Two bills were continued to next year, meaning that committees can review them in the interim if they choose, but they will likely need to be brought back in a different form next session. One was my bill aiming to address eviction defenses (SB284) and the other was my major continued effort to establish a legal-adult-use market for cannabis (SB391). This legislation would have comprehensively stood up a legal adult-use sales market, created health and safety regulations to ensure public health and effectively banned youth access to the product. It also would have reformed our criminal justice system, expanded expungements and allowed for resentencing for those with prior cannabis convictions, was the product of two year’s hard work, two studies by the nonpartisan Joint Legislative Audit and Review Commission, and intense review by the Cannabis Oversight Commission, which I chair. House of Delegates Republicans, though promising to take action to create an adult-use marketplace that would cut down the growing illicit market and create an avenue for burgeoning Virginia small business, killed the bill with minimal debate on a party line vote. Lack of action on this topic means another year of proliferating synthesized cannabis (like “delta-8”) in gas stations and convenience stores and illicit trade which will drown out the legal marketplace without swift action. The House's inaction this year was an abject failure for Virginians and public safety.
Five of my bills were killed outright, including my two measures aiming to address gun violence (SB643, and SB310) and my constitutional amendment affirming the right to marry (SJ5). The Republican House killed the amendment in an early morning subcommittee meeting. In doing so they denied voters the right to decide whether or not to repeal a stain on our state constitution — an inoperable provision denying the right to marriage to same-sex couples and replacing it with an affirming right to marry regardless of gender or sex. I will continue to fight both to defend and affirm the rights of LGBTQ Virginians, as well as to protect our communities from gun violence caused by the proliferation of firearms and unaddressed criminal loopholes.
My bill repealing a cumbersome and unnecessary triennial audit requirement for home care organizations was rolled into SB580, introduced by Senator McDougle (R-Hanover) and I’m pleased to report this bill passed both the House and Senate and awaits the Governor's signature to become law.
Though it does not always turn out as we hope or worked for, the legislation that dies does not disappear. Rather, it lays the foundation for what comes after we all leave Richmond and return home. We will refer to it, build upon it, or modify it as we move ahead. Throughout the year, I will be connecting with constituents, speaking to community members, organizations, and businesses about their ideas for how we can improve legislation and what new bills may be needed. This will help inform what we start drafting for next year.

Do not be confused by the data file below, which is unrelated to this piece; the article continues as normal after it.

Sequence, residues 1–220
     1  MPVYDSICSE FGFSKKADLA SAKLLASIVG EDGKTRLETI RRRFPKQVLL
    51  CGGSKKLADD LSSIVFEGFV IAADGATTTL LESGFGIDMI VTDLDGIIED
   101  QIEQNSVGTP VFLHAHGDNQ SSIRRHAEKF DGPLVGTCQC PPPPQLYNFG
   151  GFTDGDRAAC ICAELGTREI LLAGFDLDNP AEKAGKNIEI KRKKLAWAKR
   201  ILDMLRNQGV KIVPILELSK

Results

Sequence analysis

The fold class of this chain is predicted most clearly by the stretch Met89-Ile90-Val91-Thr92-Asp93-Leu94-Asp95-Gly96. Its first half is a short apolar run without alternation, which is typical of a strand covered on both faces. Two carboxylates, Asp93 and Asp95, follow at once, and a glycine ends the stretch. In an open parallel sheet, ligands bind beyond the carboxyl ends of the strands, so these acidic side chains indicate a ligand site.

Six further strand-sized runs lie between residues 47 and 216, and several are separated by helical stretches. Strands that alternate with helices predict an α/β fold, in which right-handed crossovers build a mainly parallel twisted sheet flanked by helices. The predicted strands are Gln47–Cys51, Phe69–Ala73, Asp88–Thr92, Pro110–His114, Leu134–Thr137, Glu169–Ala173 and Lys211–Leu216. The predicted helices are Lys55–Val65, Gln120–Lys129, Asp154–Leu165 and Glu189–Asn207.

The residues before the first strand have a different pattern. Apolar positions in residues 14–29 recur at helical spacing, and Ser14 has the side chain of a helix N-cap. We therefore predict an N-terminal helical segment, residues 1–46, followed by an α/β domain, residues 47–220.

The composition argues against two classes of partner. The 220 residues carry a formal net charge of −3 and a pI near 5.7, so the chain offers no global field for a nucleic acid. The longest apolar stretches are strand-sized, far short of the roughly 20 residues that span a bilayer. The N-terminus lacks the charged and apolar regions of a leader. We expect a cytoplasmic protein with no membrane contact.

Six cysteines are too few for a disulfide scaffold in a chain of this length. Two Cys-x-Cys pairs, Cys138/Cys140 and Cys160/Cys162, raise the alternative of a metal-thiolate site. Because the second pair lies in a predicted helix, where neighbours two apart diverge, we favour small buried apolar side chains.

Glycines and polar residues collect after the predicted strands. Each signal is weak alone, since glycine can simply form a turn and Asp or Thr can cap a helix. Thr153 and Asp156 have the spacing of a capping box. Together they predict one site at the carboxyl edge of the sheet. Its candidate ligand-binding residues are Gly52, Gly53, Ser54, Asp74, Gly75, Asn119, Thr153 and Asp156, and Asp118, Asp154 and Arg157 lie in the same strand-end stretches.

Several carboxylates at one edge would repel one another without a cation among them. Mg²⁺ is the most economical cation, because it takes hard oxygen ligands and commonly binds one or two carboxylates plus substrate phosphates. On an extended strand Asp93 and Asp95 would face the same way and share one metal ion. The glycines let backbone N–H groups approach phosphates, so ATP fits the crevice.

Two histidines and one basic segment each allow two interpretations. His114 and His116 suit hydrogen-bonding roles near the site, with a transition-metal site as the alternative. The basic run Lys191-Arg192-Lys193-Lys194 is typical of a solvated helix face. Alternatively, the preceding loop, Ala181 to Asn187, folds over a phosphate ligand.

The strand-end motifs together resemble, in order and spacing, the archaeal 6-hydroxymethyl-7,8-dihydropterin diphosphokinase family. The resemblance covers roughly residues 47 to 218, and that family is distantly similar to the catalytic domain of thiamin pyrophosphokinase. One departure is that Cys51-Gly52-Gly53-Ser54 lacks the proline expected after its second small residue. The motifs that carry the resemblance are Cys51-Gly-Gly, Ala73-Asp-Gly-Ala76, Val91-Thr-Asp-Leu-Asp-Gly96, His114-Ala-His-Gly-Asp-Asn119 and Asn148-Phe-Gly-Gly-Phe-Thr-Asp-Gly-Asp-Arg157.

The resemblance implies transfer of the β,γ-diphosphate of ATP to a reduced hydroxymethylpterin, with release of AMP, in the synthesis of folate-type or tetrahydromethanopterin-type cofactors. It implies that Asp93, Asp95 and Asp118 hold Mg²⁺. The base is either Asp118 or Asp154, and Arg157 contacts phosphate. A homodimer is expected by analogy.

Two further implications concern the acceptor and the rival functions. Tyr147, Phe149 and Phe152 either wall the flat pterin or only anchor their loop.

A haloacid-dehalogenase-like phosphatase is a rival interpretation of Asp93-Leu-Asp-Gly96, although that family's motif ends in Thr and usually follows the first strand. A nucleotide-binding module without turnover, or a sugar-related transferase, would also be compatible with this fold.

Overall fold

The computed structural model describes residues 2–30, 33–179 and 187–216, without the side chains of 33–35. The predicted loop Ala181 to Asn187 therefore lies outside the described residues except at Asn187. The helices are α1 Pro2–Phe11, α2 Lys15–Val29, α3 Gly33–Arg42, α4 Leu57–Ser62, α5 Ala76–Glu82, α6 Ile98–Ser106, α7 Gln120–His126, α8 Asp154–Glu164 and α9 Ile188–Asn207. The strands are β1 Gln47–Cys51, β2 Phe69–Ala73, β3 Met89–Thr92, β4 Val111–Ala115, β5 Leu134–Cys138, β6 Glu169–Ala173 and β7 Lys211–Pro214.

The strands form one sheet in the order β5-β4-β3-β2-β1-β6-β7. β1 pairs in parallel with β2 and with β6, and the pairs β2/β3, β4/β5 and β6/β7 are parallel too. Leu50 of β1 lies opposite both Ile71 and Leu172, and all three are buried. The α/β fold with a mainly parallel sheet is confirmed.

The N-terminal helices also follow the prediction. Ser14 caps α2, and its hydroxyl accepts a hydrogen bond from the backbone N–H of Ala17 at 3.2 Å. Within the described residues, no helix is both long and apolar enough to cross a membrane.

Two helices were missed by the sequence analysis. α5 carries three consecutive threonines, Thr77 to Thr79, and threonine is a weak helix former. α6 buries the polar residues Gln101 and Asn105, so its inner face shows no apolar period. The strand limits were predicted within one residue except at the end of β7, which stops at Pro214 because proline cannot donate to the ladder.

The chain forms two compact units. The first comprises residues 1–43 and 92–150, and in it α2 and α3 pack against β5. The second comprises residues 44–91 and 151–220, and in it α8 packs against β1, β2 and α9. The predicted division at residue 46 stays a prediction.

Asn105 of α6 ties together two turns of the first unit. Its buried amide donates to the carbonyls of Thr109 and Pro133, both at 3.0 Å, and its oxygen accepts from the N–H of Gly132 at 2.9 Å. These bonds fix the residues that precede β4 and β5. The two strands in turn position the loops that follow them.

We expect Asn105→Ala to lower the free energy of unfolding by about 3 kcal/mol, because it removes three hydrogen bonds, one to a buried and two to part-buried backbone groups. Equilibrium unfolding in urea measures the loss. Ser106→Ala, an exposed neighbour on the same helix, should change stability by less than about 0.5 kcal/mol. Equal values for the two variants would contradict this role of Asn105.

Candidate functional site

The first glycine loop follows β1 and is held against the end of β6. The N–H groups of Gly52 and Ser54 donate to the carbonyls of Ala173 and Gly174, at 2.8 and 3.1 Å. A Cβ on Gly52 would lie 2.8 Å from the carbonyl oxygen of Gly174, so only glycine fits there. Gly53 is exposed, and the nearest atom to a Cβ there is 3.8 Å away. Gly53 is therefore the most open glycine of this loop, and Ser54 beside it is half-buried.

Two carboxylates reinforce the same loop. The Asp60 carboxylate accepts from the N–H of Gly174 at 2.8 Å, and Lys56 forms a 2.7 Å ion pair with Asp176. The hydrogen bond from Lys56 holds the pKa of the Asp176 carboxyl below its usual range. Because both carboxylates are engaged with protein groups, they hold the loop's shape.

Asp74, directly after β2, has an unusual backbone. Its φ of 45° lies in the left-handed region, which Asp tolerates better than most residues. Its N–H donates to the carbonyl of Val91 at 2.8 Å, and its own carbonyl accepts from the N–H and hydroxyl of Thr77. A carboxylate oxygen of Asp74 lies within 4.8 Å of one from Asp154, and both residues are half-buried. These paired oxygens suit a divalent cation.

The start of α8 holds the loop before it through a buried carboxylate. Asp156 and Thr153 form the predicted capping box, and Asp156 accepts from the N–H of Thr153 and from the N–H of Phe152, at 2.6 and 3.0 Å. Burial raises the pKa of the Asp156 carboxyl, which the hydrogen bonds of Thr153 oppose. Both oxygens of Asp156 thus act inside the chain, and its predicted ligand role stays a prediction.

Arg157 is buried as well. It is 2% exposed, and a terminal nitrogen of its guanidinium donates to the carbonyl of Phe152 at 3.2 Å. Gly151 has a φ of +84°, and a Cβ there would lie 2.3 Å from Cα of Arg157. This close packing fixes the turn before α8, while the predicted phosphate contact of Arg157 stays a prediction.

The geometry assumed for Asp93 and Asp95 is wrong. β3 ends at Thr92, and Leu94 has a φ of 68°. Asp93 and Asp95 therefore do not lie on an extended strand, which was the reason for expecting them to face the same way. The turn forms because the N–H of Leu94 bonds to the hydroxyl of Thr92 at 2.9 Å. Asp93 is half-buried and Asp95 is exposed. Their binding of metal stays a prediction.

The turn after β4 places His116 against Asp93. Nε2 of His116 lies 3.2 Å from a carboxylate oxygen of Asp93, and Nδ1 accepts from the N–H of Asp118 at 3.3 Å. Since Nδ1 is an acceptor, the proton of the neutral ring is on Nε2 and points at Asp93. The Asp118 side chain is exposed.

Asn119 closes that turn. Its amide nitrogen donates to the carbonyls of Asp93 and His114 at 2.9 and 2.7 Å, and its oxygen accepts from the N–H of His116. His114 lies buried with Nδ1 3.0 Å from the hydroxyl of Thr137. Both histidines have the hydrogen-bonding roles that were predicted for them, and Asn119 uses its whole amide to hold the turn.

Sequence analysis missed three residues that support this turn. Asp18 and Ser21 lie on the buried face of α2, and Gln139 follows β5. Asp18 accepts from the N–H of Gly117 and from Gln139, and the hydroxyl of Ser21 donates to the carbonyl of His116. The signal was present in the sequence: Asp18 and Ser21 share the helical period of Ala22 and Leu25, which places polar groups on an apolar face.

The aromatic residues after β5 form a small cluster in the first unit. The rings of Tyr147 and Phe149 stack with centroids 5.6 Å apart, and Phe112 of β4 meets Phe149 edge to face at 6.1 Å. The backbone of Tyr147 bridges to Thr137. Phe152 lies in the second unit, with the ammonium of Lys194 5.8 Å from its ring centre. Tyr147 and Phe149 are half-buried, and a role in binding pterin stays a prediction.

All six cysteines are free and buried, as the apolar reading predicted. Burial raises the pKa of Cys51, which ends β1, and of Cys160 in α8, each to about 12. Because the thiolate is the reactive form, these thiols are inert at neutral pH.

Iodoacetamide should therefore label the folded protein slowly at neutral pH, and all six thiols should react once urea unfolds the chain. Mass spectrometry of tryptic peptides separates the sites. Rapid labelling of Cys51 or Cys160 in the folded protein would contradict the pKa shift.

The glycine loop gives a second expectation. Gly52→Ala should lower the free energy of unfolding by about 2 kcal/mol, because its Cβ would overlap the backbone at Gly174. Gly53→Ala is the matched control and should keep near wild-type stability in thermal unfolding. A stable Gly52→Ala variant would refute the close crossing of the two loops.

It is an honor to serve you in Richmond. I look forward to reporting on the successful bills we pass soon.
Virginia operates on a biennial budget comprising some $158 billion in spending on state programs and services. This budget must pass each legislative body and receive the Governor’s signature after our “long” 60-day session. During the process, each body reports their version of the budget, which include some of the amendments offered by members for funding that was not originally included in the introduced budget. These two, often competing, Senate and House versions of the budgets must then be negotiated and reconciled in a “committee of conference” during the final two weeks of session.
A budget is more than a balance sheet — it reflects the values and the priorities of those who craft it. It tells us, arithmetically, what areas, issues, projects, and programs are most important by those who influenced the budget. With differing parties holding majorities in the Senate and House this year, the reported versions of the budget are vastly different and reflect the difference in the priorities and values of each body. These differences create a significant challenge for those tasked with negotiating a compromise proposal. The Senate proposal contains major investments in education and unemployment benefits, prudent tax cuts, and a number of key wins for the 30th District which I hope will be retained in the final spending bill.
A major theme on the campaign trail this year was needed investments in education. I am glad that the Senate budget invests in our teachers, our school infrastructure, and critical programs including Pre-K for at-risk students. We increased the number of student support positions such as school nurses, counselors, and reading specialists from 17.75 per 1,000 students to 20 per 1,000 students, and proposed a ten percent raise for all teachers over two years, along with a one-time, $2,000 bonus. Our teachers have worked diligently and dedicatedly during the pandemic under unforeseeably difficult circumstances — their prioritization in the budget begins to reflect this. Additionally, we increased the investment in educating at-risk Pre-K students by $700 per pupil per year and proposed $500 million for school construction. More than half of Virginia’s schools are over 50 years old, and the renovation of existing facilities paired with the construction of new ones is critical to providing a healthy, functional learning environment for our students, teachers and staff.